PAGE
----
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Pay Attention, Please:
Attention at the Telluride Neuromorphic Cognition Workshop

Malcolm Slaney

SLTC Newsletter, November 2012

The role of attention is growing in importance as speech recognition moves into more challenging environments. Attention is not a factor when we speak into a close-talking microphone with a push-to-talk button. But the acoustic world in which we live is not so simple; multiple sources add together in a confusing mixture of sound, making it difficult to analyze any one source. In such settings, attention serves two important purposes: 1) It helps us to focus our computational resources on the problem at hand, and 2) it helps us to piece together portions of our environment to solve a single task. Understanding how attention works may be the critical advance that allows us to build speech-recognition machines that cope with complex, everyday settings robustly and flexibly, just as a human listener does.

My interest in attention stems from a realization that we cannot solve the speech recognition problem using a purely bottom-up engineering approach. As an engineer I am trained to build a system starting with fundamental principles, a solid foundation. This tendency by the entire field leads to models where all the information flow is directed in one direction, from the ears or microphone to the final linguistic output. This approach has served us well, so far....

Yet, our acoustic world is too complicated for such a simple approach. Many years ago I attended a conference on binaural hearing. Most of the world's experts on binaural perception were in attendance and there was much serious discussion about how we localize sounds and the cues necessary to make this work [1]. But whenever the discussion got difficult, somebody would stand up and say "We can't do that, it's the c-word!!!" The c-word was either cognition or cortex, which at the time seemed like an impossibly hard problem to tackle. We no longer have this luxury. We must understand the role cognition plays in speech understanding, if for no other reason than our machines must "play" in this world. Attention is one important part of this puzzle.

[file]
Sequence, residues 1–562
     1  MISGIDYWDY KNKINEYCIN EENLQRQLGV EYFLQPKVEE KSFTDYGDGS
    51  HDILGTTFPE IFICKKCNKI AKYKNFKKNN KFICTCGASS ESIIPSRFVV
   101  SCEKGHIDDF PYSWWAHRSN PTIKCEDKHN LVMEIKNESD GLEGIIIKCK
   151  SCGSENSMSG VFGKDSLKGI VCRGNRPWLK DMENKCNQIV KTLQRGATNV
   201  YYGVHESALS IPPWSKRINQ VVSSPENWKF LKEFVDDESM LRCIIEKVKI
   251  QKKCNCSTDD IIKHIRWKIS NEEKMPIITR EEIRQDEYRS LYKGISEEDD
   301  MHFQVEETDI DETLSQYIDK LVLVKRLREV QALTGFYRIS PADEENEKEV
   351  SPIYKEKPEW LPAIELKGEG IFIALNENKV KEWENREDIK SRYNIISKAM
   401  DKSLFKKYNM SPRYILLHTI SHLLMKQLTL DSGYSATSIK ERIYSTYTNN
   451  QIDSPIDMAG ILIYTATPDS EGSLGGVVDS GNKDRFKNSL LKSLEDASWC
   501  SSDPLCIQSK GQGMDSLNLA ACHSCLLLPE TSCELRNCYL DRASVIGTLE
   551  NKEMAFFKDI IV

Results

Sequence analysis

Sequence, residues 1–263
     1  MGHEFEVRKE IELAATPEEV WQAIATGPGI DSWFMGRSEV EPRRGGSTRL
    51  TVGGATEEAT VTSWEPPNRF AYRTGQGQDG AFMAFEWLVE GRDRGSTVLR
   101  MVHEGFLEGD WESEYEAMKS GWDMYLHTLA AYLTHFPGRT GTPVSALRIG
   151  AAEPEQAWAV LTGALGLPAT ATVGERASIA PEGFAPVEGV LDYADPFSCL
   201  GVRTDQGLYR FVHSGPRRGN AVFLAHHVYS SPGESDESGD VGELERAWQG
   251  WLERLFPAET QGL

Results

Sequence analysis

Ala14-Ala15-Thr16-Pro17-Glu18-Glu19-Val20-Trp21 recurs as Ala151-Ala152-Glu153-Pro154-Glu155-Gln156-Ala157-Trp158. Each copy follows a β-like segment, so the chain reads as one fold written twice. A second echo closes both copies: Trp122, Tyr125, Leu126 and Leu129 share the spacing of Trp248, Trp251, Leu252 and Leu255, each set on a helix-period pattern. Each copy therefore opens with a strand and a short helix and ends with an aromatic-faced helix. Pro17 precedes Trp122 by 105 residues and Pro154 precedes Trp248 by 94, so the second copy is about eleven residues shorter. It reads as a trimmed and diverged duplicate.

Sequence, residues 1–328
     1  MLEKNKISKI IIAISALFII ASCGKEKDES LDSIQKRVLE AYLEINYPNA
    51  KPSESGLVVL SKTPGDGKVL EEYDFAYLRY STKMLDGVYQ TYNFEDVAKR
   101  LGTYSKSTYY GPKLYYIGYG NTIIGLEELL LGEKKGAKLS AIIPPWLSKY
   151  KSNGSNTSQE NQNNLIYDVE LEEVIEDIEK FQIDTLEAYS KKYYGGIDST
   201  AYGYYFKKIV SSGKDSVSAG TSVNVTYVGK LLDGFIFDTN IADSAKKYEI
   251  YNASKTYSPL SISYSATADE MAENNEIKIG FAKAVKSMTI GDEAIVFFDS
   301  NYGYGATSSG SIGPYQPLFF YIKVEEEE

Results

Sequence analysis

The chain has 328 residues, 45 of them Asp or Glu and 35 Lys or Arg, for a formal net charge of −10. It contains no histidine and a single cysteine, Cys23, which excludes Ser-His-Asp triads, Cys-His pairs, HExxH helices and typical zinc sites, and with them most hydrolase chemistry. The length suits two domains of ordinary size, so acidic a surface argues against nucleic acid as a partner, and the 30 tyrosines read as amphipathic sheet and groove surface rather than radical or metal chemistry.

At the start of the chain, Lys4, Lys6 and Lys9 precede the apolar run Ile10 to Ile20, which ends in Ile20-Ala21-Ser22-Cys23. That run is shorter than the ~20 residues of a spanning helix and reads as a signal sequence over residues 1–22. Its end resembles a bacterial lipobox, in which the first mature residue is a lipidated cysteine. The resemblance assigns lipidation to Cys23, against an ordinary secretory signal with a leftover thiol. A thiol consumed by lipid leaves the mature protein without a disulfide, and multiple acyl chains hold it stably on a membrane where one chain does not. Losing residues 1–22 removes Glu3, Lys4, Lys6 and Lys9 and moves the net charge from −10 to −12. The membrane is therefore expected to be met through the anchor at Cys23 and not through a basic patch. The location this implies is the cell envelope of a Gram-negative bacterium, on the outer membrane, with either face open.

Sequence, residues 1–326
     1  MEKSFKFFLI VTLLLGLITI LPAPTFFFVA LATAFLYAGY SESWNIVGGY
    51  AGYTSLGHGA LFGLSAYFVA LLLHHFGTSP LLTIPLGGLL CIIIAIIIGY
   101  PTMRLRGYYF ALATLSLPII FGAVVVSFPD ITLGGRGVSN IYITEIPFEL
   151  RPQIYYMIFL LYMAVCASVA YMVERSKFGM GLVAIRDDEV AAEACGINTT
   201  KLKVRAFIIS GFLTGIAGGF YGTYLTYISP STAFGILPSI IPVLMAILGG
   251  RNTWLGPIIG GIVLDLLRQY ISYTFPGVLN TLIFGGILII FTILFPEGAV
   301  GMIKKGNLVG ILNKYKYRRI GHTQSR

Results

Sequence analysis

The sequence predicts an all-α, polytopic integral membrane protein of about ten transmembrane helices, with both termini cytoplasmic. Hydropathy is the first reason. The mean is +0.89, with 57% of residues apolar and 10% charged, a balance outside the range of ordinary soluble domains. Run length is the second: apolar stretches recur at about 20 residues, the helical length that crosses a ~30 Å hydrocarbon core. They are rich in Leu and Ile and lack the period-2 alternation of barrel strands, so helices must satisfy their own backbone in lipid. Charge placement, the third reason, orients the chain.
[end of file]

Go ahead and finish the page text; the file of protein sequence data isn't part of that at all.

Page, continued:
I've had the privilege to help lead three recent projects on attention at the Neuromorphic Cognition Workshop [2]. These projects have studied different parts of attention in a short, focused, working workshop. During the summer of 2011 we studied and built a complete cocktail-party system, with both top-down and bottom-up signals. In the summer of 2012 we used EEG signals to "listen" to a subject's brain and decode which of two speech signals he was attending. I will describe the Neuromorphic Engineering Workshop, and then the two latest attention projects.

What is Neuromorphic Cognition?

The Telluride Neuromorphic Cognition Workshop brings together engineers, biologists, and neurophysiologists to study problems related to human cognition. It is held for three weeks every summer in the western Colorado mountain town of Telluride. It is a real working workshop, in the sense that people bring their VLSI chips, oscilloscopes, prototype robots, and measurement equipment and do real work. In past years we have had scientists measuring the neural spikes from the visual cortex of a (locally caught) dragonfly; sitting next to the technologist that designed the Robosapien [3] line of walking robotic toys; sitting next to modelers that are building models of learning in cortical systems, using both computational and VLSI models.

The biggest strength of the workshop is bringing a range of faculty and young researchers together, from many different institutions around the world, to actually work on problems of joint interest. There are usually about 30 faculty members presenting their research and leading projects. About 40 young researchers, Ph.D. students and post-docs, are in Telluride to learn and work. Some of the projects are related to their area of expertise, while other projects are not. A typical day starts with lectures and discussions in the morning, and project meetings and work from noon till late at night. The small town and surrounding mountains give us enough room to explore, but keep us close enough so we are always working.

A Cocktail Party

Our project during the summer of 2011 aimed to model the cocktail party effect by building a real-time system for understanding speech with two speakers [4]. A key aspect of this problem is having a way to describe and build both bottom-up and top-down signal-processing pathways.

The bottom-up pathway is easy. Our current recognizers look at an acoustic signal, and under the constraint of a language model, recognize the speech that is heard. Creating a useful top-down pathway is harder. What does our cortex tell the speech recognizer to make it easier to understand speech and reach our goals?